Remodeling an old pop up is very similar to remodeling an old home. You never know what you are in for until you start tearing into them!! The roof looked so nice at first glance. It is still keeping the Can dry but those low spots with rain water puddling up in them means my five year plan will need a revision. The roof just jumped up the list!! Fingers crossed it holds tight this summer to allow for time to flesh out the bank account.
Meanwhile, some progress is being made!! Before the can was closed up Mr. Creature Comforts and I labeled the 5 doors and 1 drawer. Not that figuring out where each one goes is that tough with so few but why make more work when a simple piece of painter's tape and a Sharpie is all it takes to be sure? We then unscrewed the hinges from the cabinet frame and brought them inside.
Now I wasn't 100% certain on how I was going to prepare the doors and drawer for paint. I knew the faux leather contact paper that was their current surface was going, period. I read up on panting laminates and decided it just seemed too dicey to chance that my cabinet surfaces wouldn't bubble or shed the paint. I'm just not that lucky!
So while I mulled the options I decided to remove the hinges and pulls from the pieces. Each piece got its own baggie into which I put all the hardware because I haven't yet decided if I can afford to replace or need to paint them as well. The corrosion from years of humidity didn't help any but I did get all the hardware off cleanly.
On the inside of all the doors were these flannel bump guards which I peeled off and then used Goo Gone to get any residual adhesive. I have also made a note to go buy more for the finished product!
Since the edges of the faux leather laminate were ragged in spots I decided to just remove the whole covering. Forty year old adhesive was now brittle and with gentle persuasion using a chisel I was able to get it to peel off the particle board quite easily. I can assume that readers with newer pop ups might want to consider following the internet suggestions for painting laminate because even though mine peeled off fairly easily it was still time consuming. Having a raw particle board surface to work with also adds a few steps to the painting procedure! Back to Professor Google to learn how best to paint on raw chip board.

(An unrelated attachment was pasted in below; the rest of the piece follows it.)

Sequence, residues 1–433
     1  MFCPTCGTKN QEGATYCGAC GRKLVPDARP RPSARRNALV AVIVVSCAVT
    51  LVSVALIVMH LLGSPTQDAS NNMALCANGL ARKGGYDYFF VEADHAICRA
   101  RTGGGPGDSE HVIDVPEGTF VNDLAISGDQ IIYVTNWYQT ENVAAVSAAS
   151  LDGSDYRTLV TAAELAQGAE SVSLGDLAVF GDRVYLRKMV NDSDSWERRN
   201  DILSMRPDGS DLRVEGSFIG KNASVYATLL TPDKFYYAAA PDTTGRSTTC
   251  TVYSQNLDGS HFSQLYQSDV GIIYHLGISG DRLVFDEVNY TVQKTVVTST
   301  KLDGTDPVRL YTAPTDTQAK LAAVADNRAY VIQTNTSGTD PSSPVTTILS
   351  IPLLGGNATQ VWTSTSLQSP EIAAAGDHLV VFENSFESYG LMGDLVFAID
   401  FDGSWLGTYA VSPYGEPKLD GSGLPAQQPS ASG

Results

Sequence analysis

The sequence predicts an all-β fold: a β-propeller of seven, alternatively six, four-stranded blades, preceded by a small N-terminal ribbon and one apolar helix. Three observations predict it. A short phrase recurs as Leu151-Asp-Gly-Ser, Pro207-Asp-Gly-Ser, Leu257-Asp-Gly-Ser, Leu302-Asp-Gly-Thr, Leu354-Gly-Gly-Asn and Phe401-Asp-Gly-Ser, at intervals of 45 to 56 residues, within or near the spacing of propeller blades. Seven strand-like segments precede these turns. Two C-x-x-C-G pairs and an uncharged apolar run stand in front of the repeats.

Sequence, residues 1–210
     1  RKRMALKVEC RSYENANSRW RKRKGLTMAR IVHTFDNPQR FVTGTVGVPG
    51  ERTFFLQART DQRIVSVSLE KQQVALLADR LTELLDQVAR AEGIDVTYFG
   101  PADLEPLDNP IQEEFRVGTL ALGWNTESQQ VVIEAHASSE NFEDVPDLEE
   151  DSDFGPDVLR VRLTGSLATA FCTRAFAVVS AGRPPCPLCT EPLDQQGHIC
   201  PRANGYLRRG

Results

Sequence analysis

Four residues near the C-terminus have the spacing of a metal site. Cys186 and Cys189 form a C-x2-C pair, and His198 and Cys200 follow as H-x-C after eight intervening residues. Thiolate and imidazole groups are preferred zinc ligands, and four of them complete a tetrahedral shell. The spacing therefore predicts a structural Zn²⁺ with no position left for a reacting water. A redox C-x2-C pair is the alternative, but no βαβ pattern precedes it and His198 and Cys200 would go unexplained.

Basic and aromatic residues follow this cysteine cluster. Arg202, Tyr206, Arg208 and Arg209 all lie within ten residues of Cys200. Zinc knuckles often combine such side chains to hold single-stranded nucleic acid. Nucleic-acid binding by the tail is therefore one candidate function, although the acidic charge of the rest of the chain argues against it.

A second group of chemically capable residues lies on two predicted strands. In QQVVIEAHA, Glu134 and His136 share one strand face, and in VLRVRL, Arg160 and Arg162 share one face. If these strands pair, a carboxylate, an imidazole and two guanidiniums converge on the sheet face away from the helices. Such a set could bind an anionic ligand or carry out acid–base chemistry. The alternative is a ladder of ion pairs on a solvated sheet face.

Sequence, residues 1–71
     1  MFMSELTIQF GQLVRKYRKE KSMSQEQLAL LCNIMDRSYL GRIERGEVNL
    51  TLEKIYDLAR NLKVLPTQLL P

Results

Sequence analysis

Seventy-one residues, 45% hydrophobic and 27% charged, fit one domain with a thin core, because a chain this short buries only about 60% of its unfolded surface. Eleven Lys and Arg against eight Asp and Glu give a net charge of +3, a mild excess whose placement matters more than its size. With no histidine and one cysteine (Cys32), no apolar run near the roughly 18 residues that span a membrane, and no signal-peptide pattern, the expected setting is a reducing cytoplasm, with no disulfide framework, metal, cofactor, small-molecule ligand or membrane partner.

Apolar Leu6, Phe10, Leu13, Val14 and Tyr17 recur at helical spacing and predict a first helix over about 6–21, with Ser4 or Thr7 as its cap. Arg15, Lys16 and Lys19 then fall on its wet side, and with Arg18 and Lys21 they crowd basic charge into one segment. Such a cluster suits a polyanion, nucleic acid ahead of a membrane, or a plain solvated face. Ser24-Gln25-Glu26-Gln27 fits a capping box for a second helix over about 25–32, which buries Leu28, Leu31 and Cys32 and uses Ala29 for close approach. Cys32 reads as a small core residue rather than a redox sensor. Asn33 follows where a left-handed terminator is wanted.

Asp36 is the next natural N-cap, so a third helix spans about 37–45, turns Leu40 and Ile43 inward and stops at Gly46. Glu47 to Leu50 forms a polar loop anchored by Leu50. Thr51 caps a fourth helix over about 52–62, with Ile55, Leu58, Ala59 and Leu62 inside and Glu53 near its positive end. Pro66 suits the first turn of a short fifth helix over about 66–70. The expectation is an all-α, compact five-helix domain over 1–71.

The glue that holds all the wood particles together in chip board needs to be protected from moisture so all the sites recommended a primer plus sealer. Since I did not like the rough surface and sanding only produced sawdust, I opted to use a paintable wood filler before priming. The product I used had a pink tint that dried to a natural light wood color. I need this because as will become apparent to the reader over this remodel....I am rather impatient! Once the product was completely dry it did have a rough surface.
I took a medium grit sanding block with gentle passes over the wood putty and ended up with nice smooth surfaces to paint. After wiping them down with a barely moist tack cloth to remove excess dust left from the sanding I was then ready for the primer+sealer.
Then as recommended by multiple DIY sites, I painted them with Behr Multi-Surface Primer and Sealer in white. They are all currently sitting out in my craft room to dry over night. Tomorrow I plan to sand that first coat of primer and add a second because I want to be good and certain that if that roof goes before I can fix it that my doors will be impervious to moisture!!
One closing shot....
....I said I am impatient.....decided to test out the primer before I had even finished putting the wood putty on all of the doors and drawer!! The wonderful thing about this project is....it is all mine. If I want to jump around from project to project, I can!!!